Toronto Storm



Drivers should prepare for a tough commute Monday as a winter storm that brought snow and freezing temperatures overnight continues in to the morning. A storm warning put in place by Environment Cana...

4 Hit By Lightning In Toronto

Four men have been injured by a lightning strike on a golf course north of Toronto, with one man in critical condition, police say. York Regional Police said all four were taken to hospital after the...

The Week In Review: Toronto's Trees Don't Need the Army, They Need Less Red Tape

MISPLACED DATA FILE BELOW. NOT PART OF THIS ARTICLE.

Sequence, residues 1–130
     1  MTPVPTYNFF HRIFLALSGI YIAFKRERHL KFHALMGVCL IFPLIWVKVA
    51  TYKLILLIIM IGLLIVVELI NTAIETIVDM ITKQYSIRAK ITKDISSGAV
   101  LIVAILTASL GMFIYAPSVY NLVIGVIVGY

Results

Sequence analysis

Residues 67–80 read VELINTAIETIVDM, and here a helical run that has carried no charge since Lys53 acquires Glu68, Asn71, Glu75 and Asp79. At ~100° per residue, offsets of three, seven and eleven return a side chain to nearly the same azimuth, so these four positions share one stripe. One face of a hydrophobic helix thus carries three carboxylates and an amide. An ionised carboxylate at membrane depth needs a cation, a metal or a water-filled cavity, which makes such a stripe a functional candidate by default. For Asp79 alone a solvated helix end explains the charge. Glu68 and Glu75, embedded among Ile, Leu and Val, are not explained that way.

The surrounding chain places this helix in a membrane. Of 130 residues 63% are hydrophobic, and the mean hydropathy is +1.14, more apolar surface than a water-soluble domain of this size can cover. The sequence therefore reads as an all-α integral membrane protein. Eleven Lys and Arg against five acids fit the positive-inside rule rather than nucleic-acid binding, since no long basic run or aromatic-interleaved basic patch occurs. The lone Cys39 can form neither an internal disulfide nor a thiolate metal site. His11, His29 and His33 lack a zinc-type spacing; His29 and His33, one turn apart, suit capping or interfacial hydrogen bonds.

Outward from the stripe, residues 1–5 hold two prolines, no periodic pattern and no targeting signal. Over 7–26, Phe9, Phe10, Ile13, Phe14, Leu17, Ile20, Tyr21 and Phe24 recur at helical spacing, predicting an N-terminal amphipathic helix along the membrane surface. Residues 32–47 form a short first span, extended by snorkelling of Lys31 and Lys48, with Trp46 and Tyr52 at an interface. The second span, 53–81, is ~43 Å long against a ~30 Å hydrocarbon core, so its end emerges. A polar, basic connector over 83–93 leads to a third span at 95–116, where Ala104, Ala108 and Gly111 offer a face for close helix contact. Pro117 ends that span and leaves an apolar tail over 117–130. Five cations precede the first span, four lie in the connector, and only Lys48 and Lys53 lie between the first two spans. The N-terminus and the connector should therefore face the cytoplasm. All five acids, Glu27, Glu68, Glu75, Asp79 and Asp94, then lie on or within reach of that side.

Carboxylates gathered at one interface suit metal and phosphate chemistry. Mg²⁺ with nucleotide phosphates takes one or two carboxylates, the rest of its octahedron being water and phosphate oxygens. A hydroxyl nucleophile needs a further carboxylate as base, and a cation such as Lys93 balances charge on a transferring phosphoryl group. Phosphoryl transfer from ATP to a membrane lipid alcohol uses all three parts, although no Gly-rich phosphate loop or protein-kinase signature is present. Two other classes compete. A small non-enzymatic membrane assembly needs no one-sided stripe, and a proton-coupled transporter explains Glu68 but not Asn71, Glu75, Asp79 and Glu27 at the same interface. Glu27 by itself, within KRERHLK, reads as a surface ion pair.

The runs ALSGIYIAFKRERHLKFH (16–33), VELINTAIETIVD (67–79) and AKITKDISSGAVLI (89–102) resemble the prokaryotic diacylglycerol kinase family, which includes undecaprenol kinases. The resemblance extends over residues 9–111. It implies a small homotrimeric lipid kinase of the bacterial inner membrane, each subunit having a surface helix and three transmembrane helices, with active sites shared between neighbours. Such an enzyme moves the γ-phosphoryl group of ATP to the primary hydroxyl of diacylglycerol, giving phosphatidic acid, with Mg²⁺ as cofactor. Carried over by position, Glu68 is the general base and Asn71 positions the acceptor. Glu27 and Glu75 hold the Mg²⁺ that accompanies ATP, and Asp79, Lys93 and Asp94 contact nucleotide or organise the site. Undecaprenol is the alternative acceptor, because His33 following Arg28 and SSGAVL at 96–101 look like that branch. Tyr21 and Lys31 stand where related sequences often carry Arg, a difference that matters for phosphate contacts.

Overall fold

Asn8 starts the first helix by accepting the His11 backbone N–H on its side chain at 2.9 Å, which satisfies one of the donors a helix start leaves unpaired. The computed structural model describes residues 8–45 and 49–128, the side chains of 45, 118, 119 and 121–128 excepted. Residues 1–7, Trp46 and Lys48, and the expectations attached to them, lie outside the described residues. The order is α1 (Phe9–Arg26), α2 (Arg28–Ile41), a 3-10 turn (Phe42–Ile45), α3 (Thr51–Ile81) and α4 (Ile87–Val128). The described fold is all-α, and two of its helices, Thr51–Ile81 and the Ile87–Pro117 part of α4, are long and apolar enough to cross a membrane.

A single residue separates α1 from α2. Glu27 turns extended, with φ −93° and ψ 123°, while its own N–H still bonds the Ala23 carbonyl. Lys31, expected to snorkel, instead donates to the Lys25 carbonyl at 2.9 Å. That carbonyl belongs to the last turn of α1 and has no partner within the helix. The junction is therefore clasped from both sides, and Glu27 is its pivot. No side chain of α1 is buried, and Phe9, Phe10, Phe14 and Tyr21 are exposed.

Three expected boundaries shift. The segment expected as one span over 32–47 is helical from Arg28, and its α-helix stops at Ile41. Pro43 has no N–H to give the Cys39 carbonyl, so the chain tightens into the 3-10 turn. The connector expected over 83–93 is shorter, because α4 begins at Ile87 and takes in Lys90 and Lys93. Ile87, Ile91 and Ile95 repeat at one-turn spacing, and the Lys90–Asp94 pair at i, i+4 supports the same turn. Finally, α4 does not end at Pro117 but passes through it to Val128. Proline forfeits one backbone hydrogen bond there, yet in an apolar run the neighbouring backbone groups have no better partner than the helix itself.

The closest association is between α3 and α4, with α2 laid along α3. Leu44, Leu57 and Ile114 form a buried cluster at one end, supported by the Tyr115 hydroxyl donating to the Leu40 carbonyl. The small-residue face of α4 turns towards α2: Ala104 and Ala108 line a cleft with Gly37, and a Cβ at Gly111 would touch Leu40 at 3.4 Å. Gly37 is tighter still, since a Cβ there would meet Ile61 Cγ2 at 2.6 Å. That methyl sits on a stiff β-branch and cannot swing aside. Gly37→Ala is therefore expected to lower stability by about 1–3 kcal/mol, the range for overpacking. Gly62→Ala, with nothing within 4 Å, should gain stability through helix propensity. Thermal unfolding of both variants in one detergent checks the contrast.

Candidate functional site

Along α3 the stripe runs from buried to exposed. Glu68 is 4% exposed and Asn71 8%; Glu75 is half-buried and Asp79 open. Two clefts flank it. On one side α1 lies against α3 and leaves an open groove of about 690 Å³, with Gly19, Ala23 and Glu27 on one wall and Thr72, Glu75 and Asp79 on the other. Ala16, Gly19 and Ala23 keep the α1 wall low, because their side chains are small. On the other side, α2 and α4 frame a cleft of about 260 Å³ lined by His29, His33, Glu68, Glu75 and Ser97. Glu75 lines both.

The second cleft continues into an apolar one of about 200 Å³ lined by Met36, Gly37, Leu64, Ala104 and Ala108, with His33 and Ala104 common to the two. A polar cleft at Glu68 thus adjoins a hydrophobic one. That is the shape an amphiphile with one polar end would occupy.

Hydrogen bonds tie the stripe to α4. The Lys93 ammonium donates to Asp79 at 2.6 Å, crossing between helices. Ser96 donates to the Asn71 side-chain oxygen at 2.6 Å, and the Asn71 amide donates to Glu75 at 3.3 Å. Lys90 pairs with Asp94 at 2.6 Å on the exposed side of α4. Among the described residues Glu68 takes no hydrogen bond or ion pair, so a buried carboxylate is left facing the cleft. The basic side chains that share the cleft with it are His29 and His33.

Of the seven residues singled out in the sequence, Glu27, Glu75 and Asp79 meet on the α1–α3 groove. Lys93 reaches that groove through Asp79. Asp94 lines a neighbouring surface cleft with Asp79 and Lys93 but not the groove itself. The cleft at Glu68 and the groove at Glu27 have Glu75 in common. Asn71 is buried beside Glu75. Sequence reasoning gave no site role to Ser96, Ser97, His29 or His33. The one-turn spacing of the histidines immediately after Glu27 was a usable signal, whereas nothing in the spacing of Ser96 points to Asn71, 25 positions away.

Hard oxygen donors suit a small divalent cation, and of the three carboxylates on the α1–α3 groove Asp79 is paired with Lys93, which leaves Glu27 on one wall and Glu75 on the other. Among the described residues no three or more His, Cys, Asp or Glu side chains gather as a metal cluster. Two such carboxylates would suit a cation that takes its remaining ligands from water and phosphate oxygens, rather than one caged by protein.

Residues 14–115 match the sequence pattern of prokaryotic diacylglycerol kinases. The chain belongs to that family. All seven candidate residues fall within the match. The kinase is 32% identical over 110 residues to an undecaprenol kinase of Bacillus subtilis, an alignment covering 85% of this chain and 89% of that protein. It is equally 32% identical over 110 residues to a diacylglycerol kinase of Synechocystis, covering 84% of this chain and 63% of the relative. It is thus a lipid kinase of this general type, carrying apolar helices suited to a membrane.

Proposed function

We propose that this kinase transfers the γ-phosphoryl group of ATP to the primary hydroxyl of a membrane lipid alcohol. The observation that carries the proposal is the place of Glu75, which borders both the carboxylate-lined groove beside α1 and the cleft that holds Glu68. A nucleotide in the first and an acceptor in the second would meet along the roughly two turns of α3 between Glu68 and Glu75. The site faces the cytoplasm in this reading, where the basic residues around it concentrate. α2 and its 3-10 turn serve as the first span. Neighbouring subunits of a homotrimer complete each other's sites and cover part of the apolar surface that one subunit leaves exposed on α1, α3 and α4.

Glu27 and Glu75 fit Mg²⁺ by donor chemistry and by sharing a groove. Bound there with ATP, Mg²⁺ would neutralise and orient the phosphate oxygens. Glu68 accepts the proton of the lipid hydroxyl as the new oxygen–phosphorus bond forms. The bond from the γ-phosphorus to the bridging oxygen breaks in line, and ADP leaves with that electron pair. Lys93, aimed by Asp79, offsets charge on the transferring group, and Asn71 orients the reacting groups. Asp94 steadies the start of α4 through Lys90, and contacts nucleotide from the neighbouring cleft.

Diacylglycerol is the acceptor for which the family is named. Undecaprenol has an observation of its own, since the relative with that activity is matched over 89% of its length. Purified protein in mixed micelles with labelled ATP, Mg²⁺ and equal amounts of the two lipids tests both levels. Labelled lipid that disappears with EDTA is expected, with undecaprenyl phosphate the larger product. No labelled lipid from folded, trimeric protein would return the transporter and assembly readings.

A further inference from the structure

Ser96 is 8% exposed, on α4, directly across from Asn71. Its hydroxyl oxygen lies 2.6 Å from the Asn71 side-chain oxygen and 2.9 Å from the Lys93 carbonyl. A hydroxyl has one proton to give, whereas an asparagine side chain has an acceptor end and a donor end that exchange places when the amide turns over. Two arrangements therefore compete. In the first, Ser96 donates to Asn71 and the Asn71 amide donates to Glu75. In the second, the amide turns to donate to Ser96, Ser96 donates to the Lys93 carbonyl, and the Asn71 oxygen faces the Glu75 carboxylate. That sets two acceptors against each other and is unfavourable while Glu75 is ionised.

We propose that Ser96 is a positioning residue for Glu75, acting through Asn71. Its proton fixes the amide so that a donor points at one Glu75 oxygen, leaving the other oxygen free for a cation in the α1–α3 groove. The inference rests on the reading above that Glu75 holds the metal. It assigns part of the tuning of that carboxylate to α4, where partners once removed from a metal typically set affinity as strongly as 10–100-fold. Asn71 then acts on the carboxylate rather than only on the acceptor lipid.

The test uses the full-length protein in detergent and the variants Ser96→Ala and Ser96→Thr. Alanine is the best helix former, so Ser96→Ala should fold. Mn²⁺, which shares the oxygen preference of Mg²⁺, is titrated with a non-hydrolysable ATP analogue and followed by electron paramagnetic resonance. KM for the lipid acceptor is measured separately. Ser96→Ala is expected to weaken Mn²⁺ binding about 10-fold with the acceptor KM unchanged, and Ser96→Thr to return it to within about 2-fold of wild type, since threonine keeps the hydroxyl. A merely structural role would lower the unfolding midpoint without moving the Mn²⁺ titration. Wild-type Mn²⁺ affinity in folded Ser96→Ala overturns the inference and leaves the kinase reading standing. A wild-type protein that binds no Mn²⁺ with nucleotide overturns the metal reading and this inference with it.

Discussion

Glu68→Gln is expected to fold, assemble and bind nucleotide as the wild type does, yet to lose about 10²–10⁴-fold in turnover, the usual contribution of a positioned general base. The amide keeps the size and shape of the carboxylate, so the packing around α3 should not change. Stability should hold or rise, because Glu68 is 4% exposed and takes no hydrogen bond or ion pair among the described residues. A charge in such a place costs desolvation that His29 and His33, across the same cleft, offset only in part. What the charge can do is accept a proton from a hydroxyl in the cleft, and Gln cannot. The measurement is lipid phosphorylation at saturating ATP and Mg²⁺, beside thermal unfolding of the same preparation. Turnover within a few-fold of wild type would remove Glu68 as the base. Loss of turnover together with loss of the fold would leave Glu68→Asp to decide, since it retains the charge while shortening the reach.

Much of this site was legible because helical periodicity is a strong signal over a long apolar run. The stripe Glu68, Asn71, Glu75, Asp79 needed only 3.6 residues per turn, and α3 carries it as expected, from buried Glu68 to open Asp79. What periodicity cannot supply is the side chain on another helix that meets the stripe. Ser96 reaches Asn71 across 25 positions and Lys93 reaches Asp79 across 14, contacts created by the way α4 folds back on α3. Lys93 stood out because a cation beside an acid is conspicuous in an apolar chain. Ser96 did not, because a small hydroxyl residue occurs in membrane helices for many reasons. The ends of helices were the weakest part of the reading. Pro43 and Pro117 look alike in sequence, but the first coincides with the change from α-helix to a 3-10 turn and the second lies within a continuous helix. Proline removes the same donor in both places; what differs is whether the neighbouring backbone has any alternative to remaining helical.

With Toronto's ice storm now past, the city is turning its attention to cleaning up fallen branches and taking care of damaged trees -- a process that we're told will cost $75-million. About $25-million of that money will be spent on picking up the debris, with the rest going to tending to the injured tree canopy. Despite the extensive damage, though, Deputy Mayor Norm Kelly's musings about calling in the army to help wrestle errant branches into submission seems an overreaction. Perhaps the more relevant musing at this point is: Why is it so onerous for Toronto residents to maintain, prune, or -- God forbid -- remove trees in their own yards?